*How* Much Do You Get Paid for a Post? A Beginner's Guide to the Business of Blogging

About that free stuff...

It's been 22 years since Swarthmore student Justin Hall created the first-ever blog in 1994, then called, suitably, a "weblog." While the industry has evolved a lot in these two decades, the business of blogging is still somewhat of a tangled web (no pun).

As a blogger for the better part of a decade, here are the 10 questions I get asked the most often, with my most candid of answers. Yes, we *will* cover free stuff. 


(Image credit: Grant Friedman)

Did you plan to become a blogger?

Not really. I started my career writing for Rolling Stone in 2007—and got laid off after two years. After some research and soul-searching (I lost not only my job but my *dream* job), I decided to leave the print world and earn money the old-fashioned way: online. Blogging wasn't very popular at the time, but I managed to build a following by securing high-profile interviews (Mick Jagger, Tommy Hilfiger) and chronicling my life as a New York writer.

How did you grow your following?

Slowly. I started out on Twitter, sharing my blog posts and engaging with fellow editors and businesses. Companies like Google and New York Daily News put me on must-follow lists, and traction picked up from there. The most important channels I use today are Facebook and Twitter, which refer the most traffic to my site. 

What does your day look like?

No two days are alike, truly. This week, I tested Google's new Android Wear watches, hosted Take Your Child to Work Day for Motivate Design, previewed the IBM-Marchesa collaboration, covered The Congressman premiere in D.C., mentored a social media class at NYU and gave a talk at Goldman Sachs' 10,000 Small Businesses event. Next week will be entirely different with virtually no overlap.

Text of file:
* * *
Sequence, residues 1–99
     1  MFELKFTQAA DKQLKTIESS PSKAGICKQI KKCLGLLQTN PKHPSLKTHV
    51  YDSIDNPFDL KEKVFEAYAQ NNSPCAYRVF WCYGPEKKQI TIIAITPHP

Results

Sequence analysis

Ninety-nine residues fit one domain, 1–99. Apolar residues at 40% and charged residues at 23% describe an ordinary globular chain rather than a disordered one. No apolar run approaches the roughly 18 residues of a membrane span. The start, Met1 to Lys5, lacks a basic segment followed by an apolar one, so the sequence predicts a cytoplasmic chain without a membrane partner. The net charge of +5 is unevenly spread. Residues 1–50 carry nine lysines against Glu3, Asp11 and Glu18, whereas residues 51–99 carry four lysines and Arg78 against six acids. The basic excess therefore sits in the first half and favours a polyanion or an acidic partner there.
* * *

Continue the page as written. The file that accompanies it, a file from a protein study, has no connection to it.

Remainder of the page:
How much does a blogger get paid for a post?

One sponsored post with a top blogger can set a brand back anywhere from $5,000–$25,000—but not always. I consider several variables before agreeing on a rate. First and foremost: Is this brand a good fit for my personal brand? If that answer is a yes, we play ball. What are the terms of the campaign? What's the value of the product at hand? How long will the project take? Is there a greater good or social mission? Do I have an existing relationship with the brand? 

Disclaimer: I don't have to get paid to write about something. If I love something, I may choose to write about it, but I don't accept product as payment. I can't pay my mortgage with a smart watch.

It is ethical to write about a brand that's paying you?

I entered blogging from the journalism world, where getting paid by a brand was unheard of. Here's an important distinction: Any decent blogger is not paid for their opinion; they're paid for their time.

How much money can a blogger make in a year?

Like everything else, your outcome depends on your input. Some top bloggers report millions in earnings, while 68 percent of bloggers (most of whom blog part-time) make less than $5,000 a year

What are the different ways to make money blogging?

Danielle Bernstein of We Wore What counts more than five different revenue models, "including affiliate marketing, advertising, sponsored content, event hosting, and collaborations with brands," she says. Personal product lines, apps, and working with agencies are other ways to generate income.

Do you have an agent?

I do, but I haven't always, and I don't think it's necessary for everyone. I have 350K followers and a lot of incoming requests through social, so my agent helps me field a lot of those.

What types of costs go into running a blog?

I joke that all you need is a laptop and Wi-Fi, but there are actually quite a few investments. Some expenses include building and designing a site, purchasing computer equipment and a camera, hiring a photographer and/or an assistant, paying an agent commission (10–20 percent), and travel/lodging, often during high-traffic times like conferences and Fashion Week.

Are you hiring? What would impress you in a potential employee?

We work with a wide network of contributors and are always looking for new talent. My ideal employee is ambitious, a lifelong learner who is equal parts hardworking and hungry.

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